The Commercial Appeal

Memphis mayor opposes pipeline

Strickland considers Byhalia a risk to aquifer

- Sarah Macaraeg

As an “unacceptab­le risk” to the Memphis Sand aquifer, Mayor Jim Strickland said Tuesday he will support local efforts to regulate the proposed Byhalia pipeline, “after careful review and detailed conversati­ons with environmen­tal scientists” by his administra­tion.

The statement also urges state and federal agencies to thoroughly evaluate the Byhalia Pipeline proposal with more scrutiny.

“I have great concerns that the Byhalia Pipeline would pose an unacceptab­le risk to our Aquifer. The risk of

a leak in the pipeline is real, and any leak is likely to cause harm to the Aquifer. It’s a risk we should not take,” Strickland wrote in a statement a city official said Memphis City Council received Tuesday.

The Public Works committee delayed voting for two weeks Tuesday on an ordinance that aims to address the risk of contaminat­ion opponents of the crude oil project say it poses to the Memphis Sand aquifer, which supplies drinking water to residents throughout Shelby County.

Regarding several permits under considerat­ion for the proposed pipeline to cross city streets, Strickland wrote, “We are not proceeding with those until we have a handle on our legal authority over the pipeline; therefore, a stay can be enforced, in part, by our holding those permits in abeyance.”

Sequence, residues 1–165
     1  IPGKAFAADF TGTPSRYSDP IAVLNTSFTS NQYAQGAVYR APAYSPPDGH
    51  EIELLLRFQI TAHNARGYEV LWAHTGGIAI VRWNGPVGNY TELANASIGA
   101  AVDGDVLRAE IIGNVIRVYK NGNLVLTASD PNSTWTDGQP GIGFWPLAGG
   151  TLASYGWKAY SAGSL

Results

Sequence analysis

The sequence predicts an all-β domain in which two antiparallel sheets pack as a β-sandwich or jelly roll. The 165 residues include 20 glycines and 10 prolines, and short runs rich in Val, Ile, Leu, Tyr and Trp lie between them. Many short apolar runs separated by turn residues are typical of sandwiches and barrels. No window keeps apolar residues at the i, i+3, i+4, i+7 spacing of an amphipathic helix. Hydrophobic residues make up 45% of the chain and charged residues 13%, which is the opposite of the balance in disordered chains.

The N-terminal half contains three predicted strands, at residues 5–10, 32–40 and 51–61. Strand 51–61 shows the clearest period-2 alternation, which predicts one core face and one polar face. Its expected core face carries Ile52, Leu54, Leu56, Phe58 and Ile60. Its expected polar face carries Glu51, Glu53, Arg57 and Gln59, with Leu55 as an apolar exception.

“Memphians deserve to have their drinking water protected,” Strickland said.

Legality of ordinance to protect public health, environmen­t challenged

The ordinance would require new undergroun­d infrastruc­ture projects to meet three criteria, according to attorney George Nolan of the Southern Environmen­tal Law Center.

“Number one, it’s not going to hurt the aquifer. Number two, it’s not going to disproport­ionately penalize neighborho­ods that have been treated unfairly in the past. And three, it’s not going to risk bankruptin­g the city,” Nolan said.

Plains All American Pipeline, which seeks to build the 49-mile pipeline in partnershi­p with the Valero Energy Corp., has not addressed three inquiries from The Commercial Appeal regarding whether the company has full remediatio­n liability insurance coverage in the event of a spill requiring groundwate­r clean-up.

“Protecting the aquifer and the drinking water supply, which is so important to this community, is something we take very seriously,” Plains spokespers­on Katie Martin said Friday. Introducin­g lawyer Robert Spence Tuesday, she told council members members Plains wanted “to have a frank conversati­on about what we think this ordinance means for


Spence, lawyer for Plains All American Pipeline, said the ordinance ignores the precedence of federal and state laws.

“Memphis is not a standalone jurisdicti­on,” Spence said. “This ordinance erroneousl­y claims the authority to prohibit that which is allowed, and has been permitted by the United States government and the state of Tennessee,” he said, alluding to the project’s permits at the state and federal level — for which the U.S. Army Corps of Engineers is the subject of a federal lawsuit, filed by multiple Memphis advocacy organizati­ons.